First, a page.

Cloud-based AI for government
As the founder of the Dcode42, accelerator for companies addressing current or potential future government need, Meagan Metzger talked about how her company's partnership with Amazon Web Services will help speed the adoption of artificial intelligence and machine learning for problem solving in government.
Government Cloud Insider spoke with Metzger about the role of AI in government and ways cloud-based AI can help government solve challenges. The interview has been edited for length and clarity.
GCI: What government challenges do you see AI solving?
Metzger: There are many areas that AI can impact in the government space. They range from things as simple as automating human-intensive processes, such as scheduling meetings and payroll. And then on the opposite end of the spectrum, AI can play a pretty huge role in cyber defense and health, such as predicting patient survival rates. It really spans a wide spectrum across the government and could play a pretty huge role in increasing efficiency.
GCI: How does AI help with the decision-making process?
Metzger: It can correlate information and see patterns across large datasets that it might take humans quite a while to process, and a lot of times it can do that with more accuracy. AI and machine learning can look at information that's presented and not just understand that A and B are related, but how they are related and the intricacies between the different data points.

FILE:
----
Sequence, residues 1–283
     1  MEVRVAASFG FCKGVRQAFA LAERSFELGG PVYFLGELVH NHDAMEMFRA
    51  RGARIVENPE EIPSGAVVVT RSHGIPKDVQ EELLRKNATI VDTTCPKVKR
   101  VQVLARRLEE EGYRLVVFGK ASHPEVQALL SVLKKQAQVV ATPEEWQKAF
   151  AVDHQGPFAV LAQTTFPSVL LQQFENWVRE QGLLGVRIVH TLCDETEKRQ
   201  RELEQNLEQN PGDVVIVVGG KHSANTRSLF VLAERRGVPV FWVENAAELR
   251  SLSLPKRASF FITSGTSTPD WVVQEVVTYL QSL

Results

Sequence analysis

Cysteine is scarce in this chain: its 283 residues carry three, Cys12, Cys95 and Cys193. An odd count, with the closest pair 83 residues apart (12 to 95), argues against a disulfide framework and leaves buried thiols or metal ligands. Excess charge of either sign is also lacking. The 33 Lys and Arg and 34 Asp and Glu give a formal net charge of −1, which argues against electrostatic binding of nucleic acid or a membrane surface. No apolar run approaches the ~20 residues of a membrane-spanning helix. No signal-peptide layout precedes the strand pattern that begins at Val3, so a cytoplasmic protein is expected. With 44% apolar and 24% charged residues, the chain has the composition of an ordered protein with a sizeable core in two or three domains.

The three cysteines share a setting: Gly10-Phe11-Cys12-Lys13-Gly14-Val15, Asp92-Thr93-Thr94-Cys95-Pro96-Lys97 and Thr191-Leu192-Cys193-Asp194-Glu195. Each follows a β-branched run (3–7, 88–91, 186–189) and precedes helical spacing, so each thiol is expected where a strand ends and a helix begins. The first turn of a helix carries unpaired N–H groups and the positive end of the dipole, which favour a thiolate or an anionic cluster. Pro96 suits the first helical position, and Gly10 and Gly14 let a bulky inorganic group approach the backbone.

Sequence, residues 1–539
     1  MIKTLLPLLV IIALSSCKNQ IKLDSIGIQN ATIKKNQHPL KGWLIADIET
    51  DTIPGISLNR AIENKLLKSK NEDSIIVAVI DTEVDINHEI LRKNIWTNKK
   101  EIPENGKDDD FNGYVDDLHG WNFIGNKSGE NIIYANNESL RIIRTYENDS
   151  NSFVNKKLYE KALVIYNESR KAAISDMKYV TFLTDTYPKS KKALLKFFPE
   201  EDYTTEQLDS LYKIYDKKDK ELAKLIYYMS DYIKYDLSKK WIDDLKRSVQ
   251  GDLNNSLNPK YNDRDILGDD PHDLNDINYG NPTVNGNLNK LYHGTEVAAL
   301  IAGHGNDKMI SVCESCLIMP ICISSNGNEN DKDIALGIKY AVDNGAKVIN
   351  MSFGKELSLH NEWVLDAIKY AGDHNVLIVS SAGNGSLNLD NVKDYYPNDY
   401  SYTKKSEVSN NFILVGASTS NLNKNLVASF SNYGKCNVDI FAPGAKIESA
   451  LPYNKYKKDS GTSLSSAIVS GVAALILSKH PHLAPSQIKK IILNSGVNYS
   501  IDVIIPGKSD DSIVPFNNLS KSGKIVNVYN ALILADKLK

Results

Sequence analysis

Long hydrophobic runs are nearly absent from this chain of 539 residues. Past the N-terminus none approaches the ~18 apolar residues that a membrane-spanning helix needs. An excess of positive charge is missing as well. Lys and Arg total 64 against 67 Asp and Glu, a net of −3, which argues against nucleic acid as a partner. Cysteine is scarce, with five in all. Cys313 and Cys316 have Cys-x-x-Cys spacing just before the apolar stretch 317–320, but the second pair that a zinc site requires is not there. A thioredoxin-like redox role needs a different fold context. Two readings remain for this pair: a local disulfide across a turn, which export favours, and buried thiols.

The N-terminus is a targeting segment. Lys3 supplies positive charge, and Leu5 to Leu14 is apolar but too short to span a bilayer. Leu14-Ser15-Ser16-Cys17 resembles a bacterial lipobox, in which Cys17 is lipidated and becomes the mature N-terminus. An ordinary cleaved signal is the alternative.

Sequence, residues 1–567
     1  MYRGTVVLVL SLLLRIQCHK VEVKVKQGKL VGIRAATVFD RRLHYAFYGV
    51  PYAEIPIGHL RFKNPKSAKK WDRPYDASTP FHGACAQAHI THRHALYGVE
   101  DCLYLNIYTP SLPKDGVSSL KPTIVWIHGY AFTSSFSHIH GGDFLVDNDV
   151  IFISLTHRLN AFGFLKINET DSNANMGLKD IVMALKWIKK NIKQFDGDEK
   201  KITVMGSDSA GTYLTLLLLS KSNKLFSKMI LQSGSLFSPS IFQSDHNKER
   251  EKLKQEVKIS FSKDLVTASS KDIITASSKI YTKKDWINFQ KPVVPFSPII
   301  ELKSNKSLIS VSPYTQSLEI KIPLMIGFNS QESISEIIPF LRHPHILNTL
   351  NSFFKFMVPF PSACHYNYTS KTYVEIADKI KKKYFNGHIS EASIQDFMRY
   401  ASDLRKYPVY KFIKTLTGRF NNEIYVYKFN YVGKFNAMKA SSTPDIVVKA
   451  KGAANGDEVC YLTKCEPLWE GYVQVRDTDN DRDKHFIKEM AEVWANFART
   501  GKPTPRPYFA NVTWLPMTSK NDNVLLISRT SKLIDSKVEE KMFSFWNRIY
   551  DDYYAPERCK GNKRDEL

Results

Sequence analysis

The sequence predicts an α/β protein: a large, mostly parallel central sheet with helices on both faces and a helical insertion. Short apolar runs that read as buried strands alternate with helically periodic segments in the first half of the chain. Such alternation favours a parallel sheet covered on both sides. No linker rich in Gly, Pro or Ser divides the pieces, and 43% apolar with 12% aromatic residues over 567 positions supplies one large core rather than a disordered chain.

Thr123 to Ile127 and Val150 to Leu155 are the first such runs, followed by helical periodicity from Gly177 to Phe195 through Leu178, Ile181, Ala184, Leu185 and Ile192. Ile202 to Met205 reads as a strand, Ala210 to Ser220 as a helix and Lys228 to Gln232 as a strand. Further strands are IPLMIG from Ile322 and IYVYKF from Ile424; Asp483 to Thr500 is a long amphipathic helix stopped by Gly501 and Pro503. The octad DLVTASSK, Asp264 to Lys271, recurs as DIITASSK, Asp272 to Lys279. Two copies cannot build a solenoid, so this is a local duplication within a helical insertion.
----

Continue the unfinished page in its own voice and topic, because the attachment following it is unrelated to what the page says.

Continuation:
GCI: What are the advantages of cloud-based AI?
Metzger: Amazon in particular has a very strong interest in AI, not just for applications that run on their platform, but they're also constantly evolving new toolsets for software providers and developers to increase machine learning and advance the different capabilities that their solutions can provide.
When we teamed up with Amazon for our accelerator program, they wanted to focus on AI because they see that there's such a big impact that AI can make across several use cases. They believe that AWS can play a huge role in enabling private-sector AI solutions to help solve government challenges.
I think these toolsets and the cloud infrastructure are going to be critical as AI capabilities enable a lot of these solutions.
GCI: What are some of government challenges AI can help with?
Metzger: I think detecting fraudulent activity is a primary use case across the government. AI can correlate lots of different information -- from the accounts being accessed, to who is accessing them, and the users’ relationship to watch lists or other red flag indicators. It can take what's normally siloed information and connect it together.
GCI: What about for cybersecurity?
If you think of cyber holistically, there are some interesting applications around not just the technical aspects of cyber attacks -- being able to identify when the system has been targeted -- but also looking at sentiment analysis. Looking at changes in the subject matter and participants in communications -- and processing the more quantitative tasks required for that kind of analysis -- can better detect a cyber threat.
GCI: How can AI support the military and the intelligence community specifically?
AI and machine learning could have a huge role in predicting where the next attacks are going to be. Some of that can be from just detecting different patterns in communications across some known threat vectors. Being able to put that prediction piece in place is huge and could really prevent a lot of bad activity from going on.
AI can also have much higher accuracy around things like image recognition. We get a lot of fantastic footage coming back from drones or on the ground from troops. Being able to identify and recognize what is going in those images could be huge indicators for different scenarios.
Leila Meyer is a freelance technology writer based in British Columbia.